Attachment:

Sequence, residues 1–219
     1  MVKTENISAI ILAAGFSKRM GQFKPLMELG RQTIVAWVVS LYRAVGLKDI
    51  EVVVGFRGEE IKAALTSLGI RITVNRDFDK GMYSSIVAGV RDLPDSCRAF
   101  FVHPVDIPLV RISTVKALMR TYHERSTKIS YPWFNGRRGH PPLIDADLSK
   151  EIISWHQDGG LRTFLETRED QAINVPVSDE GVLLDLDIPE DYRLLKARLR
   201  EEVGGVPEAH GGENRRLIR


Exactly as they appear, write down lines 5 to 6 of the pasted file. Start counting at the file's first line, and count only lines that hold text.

   151  EIISWHQDGG LRTFLETRED QAINVPVSDE GVLLDLDIPE DYRLLKARLR
   201  EEVGGVPEAH GGENRRLIR